Sunday, January 10, 2010

Bloggers Frighten 'the Authorities'

Governments in more and more countries are afraid of "unregistered" (sic) bloggers.

China was still the leading Internet censor in 2009. However, Iran, Tunisia, Thailand, Saudi Arabia, Vietnam and Uzbekistan have all also made extensive use website blocking and online surveillance to monitor and control dissent. The Turkmen Internet remains under total state control. Egyptian blogger Kareem Amer remains in jail, while well-known Burmese comedian Zarganar has a further 34 years of his prison sentence to serve.

However, the Report also notes that democratic countries have not lagged far behind, instancing the various steps taken by European countries to control the internet under the guise of protection against child porn and illegal downloading. It also notes that Australia intends to put in place a compulsory filtering system that poses a threat to freedom of expression.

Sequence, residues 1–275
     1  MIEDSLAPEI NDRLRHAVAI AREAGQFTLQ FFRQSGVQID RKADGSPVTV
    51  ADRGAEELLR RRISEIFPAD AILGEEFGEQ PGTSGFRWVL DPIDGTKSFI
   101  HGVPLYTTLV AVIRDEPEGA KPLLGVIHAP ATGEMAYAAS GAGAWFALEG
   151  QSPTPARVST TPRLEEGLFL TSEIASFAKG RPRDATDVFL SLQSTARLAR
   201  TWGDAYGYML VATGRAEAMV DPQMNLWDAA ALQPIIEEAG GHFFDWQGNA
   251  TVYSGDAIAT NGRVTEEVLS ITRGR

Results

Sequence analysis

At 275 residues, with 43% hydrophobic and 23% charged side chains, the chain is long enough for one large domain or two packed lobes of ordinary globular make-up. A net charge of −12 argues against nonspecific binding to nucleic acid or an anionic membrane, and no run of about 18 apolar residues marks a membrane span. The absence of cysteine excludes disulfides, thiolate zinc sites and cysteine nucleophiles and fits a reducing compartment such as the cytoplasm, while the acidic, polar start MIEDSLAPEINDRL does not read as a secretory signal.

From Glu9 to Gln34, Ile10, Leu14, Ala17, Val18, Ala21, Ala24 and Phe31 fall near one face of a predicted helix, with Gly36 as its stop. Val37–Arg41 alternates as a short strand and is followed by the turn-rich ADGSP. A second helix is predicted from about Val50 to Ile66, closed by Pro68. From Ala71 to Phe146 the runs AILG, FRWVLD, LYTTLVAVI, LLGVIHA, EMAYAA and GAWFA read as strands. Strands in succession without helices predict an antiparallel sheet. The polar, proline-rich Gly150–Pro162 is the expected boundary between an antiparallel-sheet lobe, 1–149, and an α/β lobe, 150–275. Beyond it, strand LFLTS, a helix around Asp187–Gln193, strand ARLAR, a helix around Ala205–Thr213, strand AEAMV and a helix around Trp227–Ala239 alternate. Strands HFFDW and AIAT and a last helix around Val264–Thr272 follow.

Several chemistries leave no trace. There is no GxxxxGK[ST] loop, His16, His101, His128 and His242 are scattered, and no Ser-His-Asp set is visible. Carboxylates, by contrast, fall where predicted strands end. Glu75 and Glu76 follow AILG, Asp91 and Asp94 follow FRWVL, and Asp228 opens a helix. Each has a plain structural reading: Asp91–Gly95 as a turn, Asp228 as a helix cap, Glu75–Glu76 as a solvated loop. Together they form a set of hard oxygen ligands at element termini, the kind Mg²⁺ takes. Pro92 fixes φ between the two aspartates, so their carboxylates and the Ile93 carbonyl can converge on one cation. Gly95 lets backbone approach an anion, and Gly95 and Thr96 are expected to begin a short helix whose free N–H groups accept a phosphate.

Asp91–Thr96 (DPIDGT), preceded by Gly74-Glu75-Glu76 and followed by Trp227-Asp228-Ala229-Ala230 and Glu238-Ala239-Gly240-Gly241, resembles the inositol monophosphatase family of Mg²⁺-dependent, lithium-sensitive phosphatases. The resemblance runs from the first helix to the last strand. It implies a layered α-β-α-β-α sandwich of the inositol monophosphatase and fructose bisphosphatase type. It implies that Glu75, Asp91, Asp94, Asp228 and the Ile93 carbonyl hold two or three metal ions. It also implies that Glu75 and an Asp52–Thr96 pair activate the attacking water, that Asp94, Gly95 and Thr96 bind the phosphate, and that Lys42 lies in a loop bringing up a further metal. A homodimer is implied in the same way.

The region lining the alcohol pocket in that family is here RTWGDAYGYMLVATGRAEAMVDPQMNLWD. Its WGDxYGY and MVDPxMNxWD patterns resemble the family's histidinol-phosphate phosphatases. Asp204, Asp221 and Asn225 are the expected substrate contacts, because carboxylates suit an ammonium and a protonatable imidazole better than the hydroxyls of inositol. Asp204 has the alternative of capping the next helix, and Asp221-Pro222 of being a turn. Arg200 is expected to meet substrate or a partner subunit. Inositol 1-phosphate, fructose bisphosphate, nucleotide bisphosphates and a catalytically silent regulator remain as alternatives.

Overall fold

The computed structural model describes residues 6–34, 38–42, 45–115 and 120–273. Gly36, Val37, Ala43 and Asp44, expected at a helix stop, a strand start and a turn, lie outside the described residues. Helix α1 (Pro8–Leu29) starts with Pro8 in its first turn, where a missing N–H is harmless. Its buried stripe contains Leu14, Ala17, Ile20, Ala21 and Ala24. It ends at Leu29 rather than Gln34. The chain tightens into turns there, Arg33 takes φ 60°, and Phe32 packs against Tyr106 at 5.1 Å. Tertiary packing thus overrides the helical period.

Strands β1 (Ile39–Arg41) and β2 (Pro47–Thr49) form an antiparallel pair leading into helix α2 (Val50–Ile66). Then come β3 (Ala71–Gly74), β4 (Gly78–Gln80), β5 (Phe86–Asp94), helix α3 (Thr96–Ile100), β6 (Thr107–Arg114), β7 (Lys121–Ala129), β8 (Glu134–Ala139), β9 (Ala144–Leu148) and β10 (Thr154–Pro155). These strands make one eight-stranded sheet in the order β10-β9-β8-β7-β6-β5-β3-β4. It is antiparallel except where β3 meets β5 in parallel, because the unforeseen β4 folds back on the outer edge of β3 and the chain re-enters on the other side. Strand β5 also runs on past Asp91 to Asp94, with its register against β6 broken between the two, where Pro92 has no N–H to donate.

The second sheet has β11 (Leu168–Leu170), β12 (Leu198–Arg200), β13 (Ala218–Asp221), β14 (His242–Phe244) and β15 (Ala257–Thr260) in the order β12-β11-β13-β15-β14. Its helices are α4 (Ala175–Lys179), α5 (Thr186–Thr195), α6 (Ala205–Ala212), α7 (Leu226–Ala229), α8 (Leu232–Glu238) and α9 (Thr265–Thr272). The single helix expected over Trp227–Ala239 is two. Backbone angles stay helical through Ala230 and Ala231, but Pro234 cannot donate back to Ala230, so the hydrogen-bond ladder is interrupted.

Some people think that blogging and tweets will overthrow governments. Eh...not so fast.



Anonymous Pitch313 said...

Blogging and similar internet uses may not overthrow governments. But they do allow information to flow from the grassroots in ways that do unsettle the authorities comfortably in place.

Of course, they also have an agit prop function that may be imposed from the top down.

So the authorities could be more concerned about top down agit prop originating from competing authorities far more than bottom up samizdat-like blogging from the grassroots.

9:51 AM  

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